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While sightseeing aspects of Calculus of Variations, the following fact elludes me: there is a plethora of new definitions which seem redundant to me. This phenomenom happens, of course, with other subjects: for instance, one can argue that a vector space is a module over a field instead of making a "new" definition for a vector space (this is not so good of an example due to one being often introduced to vector spaces before modules, but it gets my core idea). However, when such phenomena happens in these other cases, there usually is a nice reference in the literature which makes the correspondence of definitions clear. But in all references on calculus of variations I've seen, a "variation" is a new object that is defined, and I can't see why one should not regard this as simply a case of Fréchet-derivation.

This happens even if one take a path-space of paths connecting a point $a$ to $b$, for instance. Let's consider the space $C^1([0,1], \mathbb{R}^n, a,b)$ the space of $C^1$ paths with initial point $a$ and endpoint $b$. This is an affine space over the normed vector space $C^1([0,1], \mathbb{R}^n, 0,0)$, so we have a bona-fide Fréchet-derivative, and hence we can talk about critical points. The "variations" are simply elements of the vector space.

Therefore, my questions are: Am I missing something? More precisely, is my point of view lacking or incorrect in some aspect?

If not, why isn't this approached in this way in the literature?


Sidenote: This question has been asked in MSE with an active bounty, but received an answer which I did not find sufficient for some reasons... but more objectively for the fact that it did not justify the inexistence of this point of view in the literature (or at least in the books I've seen. I'm happy to be provided a reference which does this. Even so, it seems to be rare, if it exists). I would appreciate an answer that could also address this point.

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  • $\begingroup$ Related: math.stackexchange.com/questions/1573137/… $\endgroup$ – Mikhail Katz Dec 23 '15 at 17:34
  • $\begingroup$ @katz That is my question. $\endgroup$ – Aloizio Macedo Dec 23 '15 at 17:34
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    $\begingroup$ Here are some random speculative thoughts: 1) The term "variation" is a classical one that probably came into use before the systematic use of functionals on function spaces. 2) So the computation of the Euler-Lagrange equations was originally a formal one, without any reference to a topology on the space of functions. We often still want to do this, because the right choice of what topology to use is not always obvious at the start. $\endgroup$ – Deane Yang Dec 23 '15 at 18:40
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    $\begingroup$ @Aloizio Macedo: Example: variation of the boundary of a region. Neither the boundary nor its variation is an element of a Banach space, or a vector space. $\endgroup$ – Alexandre Eremenko Dec 24 '15 at 3:12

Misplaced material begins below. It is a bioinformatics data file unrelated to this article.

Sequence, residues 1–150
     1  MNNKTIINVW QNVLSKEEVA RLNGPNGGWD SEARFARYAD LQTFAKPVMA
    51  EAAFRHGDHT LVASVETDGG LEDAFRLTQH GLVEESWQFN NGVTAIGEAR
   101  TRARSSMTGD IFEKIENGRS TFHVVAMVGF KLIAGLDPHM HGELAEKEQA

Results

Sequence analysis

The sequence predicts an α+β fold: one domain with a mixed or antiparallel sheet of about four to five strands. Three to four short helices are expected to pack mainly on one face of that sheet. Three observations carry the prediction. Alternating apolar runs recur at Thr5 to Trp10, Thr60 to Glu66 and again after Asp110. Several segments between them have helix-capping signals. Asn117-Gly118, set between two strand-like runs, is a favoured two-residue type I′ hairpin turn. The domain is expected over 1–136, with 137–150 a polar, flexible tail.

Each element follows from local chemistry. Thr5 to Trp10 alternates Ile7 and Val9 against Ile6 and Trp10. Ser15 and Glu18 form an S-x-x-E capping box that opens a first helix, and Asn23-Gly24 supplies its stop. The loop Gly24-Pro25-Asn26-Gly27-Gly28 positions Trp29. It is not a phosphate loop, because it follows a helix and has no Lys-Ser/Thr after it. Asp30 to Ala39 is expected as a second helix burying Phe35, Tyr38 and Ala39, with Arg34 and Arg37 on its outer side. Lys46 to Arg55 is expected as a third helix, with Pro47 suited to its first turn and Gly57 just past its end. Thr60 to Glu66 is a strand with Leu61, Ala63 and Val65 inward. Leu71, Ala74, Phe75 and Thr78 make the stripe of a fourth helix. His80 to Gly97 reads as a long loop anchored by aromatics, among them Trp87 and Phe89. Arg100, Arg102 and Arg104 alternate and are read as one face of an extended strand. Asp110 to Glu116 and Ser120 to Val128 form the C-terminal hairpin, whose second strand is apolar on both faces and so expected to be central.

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    $\begingroup$ But isn't the space of submanifolds with specified dimension and regularity a Banach manifold? $\endgroup$ – Deane Yang Dec 24 '15 at 6:33
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Your question actually is quite well answered around page 10 of Giaquinta and Hildebrandt's Calculus of Variations I: the Lagrangian formalism. The upshot is that the correct phrase you are looking for is the (possibly nonlinear) Gateaux differential, and not the Frechet derivative, and that is for good reason (with my apologies to French people everywhere for not being able to add accents on this device).

To quote the authors above:

Before we turn to such more concrete situations, we have to add a few remarks why we have introduced the first variation $\delta \mathscr{F}$ as fundamental notion of derivative. First, it is the oldest ... introduced by Lagrange and Euler... Secondly, and this is much more important, we prefer this notion as the fundamental one because it is so "weak". It can, for instance, happen that the first variation $\delta\mathscr{F}(u_0,\zeta)$ exists for "variations" $\zeta$ contained in some class $Z$ which is smaller than $X$ but still "sufficiently large" so that one can draw valuable conclusions on $u_0$ whereas other kinds of derivatives may not exist. Moreover, we need no norm on $X$ in order to define $\delta\mathscr{F}$ and $\delta^2\mathscr{F}$.

The authors continue with some definitions and examples to illustrate their point.

(Yes, I am aware that the Frechet derivative can be generalized to TVS, but that does not affect the bulk of the quoted explanation above.)

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